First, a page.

Eastern Koel Vs. Brush-tailed Possum

To: 'John Layton' <>, 'Canberra birds' <>
Subject: Eastern Koel Vs. Brush-tailed Possum
From: jandaholland--- via Canberrabirds <>
Date: Thu, 17 Nov 2022 22:07:42 +0000

Many thanks John for posting your very interesting set of observations. 


Koel/possum interactions have not come to my attention before.  Also it seems to have been a significant one for several Koels to continue calling so late into the evening, my local experience is up to about an hour after dark, though they do more often call from early in the morning.  They are certainly very mobile and my experience is that often the same few birds moving around are making the calls from different places.  They also are very ventriloqual, most subscribers would have experienced the difficulty in finding (especially males) calling loudly close by from within a tree.


Interesting too is that after the unprecedented activity around my place for around 10 days in mid-October, Koels have gone very quiet here over the past month, increasingly as time has gone on.




Jack Holland


From: Canberrabirds <> On Behalf Of John Layton via Canberrabirds
Sent: Friday, 18 November 2022 6:56 AM
To: Canberra birds <>
Subject: [Canberrabirds] Eastern Koel Vs. Brush-tailed Possum


At 20:10 h on 16 November 2022 at my home in Holt I heard loud, repetitive wirra wirra calls of a male Eastern Koel together with the grunting, hissing sounds of an agitated Brush-tailed Possum.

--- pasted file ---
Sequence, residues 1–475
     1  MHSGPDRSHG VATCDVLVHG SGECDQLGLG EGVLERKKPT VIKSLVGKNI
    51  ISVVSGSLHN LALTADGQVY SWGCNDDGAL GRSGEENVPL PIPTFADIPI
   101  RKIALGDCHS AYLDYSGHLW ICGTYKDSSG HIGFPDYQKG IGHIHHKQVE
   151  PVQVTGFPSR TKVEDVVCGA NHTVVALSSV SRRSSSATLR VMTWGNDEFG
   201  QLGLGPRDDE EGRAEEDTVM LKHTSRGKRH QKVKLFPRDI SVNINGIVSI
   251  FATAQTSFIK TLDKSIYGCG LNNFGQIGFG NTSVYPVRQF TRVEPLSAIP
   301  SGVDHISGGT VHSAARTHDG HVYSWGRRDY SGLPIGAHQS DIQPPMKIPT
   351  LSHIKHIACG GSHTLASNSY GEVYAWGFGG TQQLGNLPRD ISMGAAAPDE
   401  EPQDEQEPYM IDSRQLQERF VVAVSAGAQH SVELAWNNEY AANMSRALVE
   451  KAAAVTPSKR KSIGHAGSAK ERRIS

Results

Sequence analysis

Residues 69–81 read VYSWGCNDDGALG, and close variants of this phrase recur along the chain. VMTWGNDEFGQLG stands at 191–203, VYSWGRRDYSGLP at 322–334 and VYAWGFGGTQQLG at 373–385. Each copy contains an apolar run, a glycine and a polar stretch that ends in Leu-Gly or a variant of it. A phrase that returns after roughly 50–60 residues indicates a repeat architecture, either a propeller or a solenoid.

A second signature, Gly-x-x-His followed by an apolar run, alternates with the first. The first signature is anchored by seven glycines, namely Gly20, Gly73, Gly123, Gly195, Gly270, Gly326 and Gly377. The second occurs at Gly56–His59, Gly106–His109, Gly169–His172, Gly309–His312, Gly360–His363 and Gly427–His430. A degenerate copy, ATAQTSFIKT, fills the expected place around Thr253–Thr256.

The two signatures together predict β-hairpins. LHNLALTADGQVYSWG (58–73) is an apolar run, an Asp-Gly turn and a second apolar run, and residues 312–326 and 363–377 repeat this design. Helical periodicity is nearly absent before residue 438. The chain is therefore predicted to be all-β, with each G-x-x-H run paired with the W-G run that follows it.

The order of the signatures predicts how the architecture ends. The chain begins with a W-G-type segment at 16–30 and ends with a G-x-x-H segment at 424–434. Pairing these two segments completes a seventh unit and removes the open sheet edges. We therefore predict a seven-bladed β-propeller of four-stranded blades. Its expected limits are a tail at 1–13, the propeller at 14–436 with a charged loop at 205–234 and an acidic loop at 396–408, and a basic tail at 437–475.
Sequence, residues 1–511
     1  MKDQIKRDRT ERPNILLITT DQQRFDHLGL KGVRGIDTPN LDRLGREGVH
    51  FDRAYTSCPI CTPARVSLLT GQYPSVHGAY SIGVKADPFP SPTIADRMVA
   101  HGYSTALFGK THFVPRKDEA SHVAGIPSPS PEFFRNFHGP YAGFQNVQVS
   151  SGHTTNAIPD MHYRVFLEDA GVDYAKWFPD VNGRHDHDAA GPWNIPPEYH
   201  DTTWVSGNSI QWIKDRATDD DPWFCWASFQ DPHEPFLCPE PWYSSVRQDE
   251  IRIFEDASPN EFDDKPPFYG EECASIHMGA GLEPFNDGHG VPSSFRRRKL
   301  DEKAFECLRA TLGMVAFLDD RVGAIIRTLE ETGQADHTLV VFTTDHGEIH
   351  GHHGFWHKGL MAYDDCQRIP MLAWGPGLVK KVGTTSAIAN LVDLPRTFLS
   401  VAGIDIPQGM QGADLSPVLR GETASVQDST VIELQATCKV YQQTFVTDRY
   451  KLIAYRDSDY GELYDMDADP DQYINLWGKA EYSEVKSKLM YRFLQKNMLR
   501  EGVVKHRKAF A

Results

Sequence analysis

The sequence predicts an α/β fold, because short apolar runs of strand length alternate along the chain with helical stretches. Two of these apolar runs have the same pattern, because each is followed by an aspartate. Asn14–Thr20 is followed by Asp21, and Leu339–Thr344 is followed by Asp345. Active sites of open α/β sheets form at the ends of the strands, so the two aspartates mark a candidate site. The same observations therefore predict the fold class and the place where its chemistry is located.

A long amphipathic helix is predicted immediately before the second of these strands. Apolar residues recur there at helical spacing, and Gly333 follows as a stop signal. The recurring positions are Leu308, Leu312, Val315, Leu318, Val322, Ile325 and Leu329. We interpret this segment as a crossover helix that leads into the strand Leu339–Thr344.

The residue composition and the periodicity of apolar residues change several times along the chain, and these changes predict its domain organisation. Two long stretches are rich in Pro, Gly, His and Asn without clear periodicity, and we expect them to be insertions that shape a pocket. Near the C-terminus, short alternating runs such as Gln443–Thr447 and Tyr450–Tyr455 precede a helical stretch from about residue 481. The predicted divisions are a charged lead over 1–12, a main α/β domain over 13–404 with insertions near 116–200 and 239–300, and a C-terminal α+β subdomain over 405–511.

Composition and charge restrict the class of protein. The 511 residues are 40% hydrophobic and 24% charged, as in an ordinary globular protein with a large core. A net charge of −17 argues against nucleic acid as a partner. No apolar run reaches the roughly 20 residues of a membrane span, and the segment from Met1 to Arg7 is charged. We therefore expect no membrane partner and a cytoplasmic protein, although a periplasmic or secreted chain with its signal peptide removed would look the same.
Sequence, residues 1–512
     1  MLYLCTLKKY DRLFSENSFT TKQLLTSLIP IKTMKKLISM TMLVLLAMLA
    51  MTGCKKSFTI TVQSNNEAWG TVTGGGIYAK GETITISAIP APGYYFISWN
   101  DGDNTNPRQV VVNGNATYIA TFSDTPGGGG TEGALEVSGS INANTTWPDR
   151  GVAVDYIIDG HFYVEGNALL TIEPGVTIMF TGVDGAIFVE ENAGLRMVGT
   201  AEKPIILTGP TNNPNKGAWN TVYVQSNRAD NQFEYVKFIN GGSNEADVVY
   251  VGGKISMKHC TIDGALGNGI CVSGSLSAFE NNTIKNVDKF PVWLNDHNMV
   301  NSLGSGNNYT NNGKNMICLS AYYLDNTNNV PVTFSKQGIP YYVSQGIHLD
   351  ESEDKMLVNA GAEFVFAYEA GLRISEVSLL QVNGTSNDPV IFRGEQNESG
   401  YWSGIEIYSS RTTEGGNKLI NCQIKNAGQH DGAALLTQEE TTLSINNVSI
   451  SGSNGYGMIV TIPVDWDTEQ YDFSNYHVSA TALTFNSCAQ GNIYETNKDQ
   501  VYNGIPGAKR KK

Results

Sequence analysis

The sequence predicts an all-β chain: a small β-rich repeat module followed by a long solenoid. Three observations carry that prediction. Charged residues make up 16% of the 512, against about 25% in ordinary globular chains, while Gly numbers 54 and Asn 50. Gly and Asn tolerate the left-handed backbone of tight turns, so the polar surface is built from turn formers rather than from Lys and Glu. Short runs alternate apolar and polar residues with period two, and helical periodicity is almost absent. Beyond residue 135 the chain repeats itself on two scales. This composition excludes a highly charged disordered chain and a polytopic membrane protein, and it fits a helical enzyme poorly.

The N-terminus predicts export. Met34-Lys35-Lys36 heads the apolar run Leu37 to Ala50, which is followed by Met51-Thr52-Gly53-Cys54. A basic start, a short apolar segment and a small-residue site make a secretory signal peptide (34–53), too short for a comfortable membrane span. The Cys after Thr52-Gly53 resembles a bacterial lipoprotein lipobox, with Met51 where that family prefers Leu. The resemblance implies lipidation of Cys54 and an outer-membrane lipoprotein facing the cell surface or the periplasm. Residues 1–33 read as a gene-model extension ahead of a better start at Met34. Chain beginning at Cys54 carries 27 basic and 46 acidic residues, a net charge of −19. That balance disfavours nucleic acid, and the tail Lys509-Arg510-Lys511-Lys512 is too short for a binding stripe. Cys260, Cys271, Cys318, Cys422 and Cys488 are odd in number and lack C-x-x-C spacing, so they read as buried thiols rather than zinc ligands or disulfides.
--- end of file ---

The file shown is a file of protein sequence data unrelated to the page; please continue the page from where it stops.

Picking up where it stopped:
I went outside where the light was receding rapidly and, with cautious use of a torch, located the possum crouched on a power cable above my property boundary. With its shoulders hunched and head thrust forward while hissing and snarling, it manifested extreme aggression as it crept towards the koel perched three metres away. When it came to within two metres of the koel the latter moved to a higher strand of cable and gave two more penetrating wirra wirra calls before flying away. Scarcely had the male departed than a female landed on the same spot, gave three extremely strident, brassy keekking calls and left.


When the female koel alighted and called, the possum immediately inverted and, with its prehensile tail looped around the cable, scurried away into the gathering dark seemingly as quickly as if it had remained upright, paws surging like pistons in a horizontally-opposed engine. Incidentally, possums seem to use cables as pathways through the suburbs.


Soon after I went indoors, koels began calling from several locations in the nearby area, or perhaps there may have been only one or two birds moving around. Another thought: in my limited experience with koels, they are ventriloqual, or somehow appear to be. Anyhow, I could hear the calls until I retired at 11:00 h.


I woke around dawn and they were still calling although less frequently as the light increased, ceasing some 20 minutes after  sunrise. This incident seems all the more remarkable because koels remain unusual in my area of Holt.


John Layton


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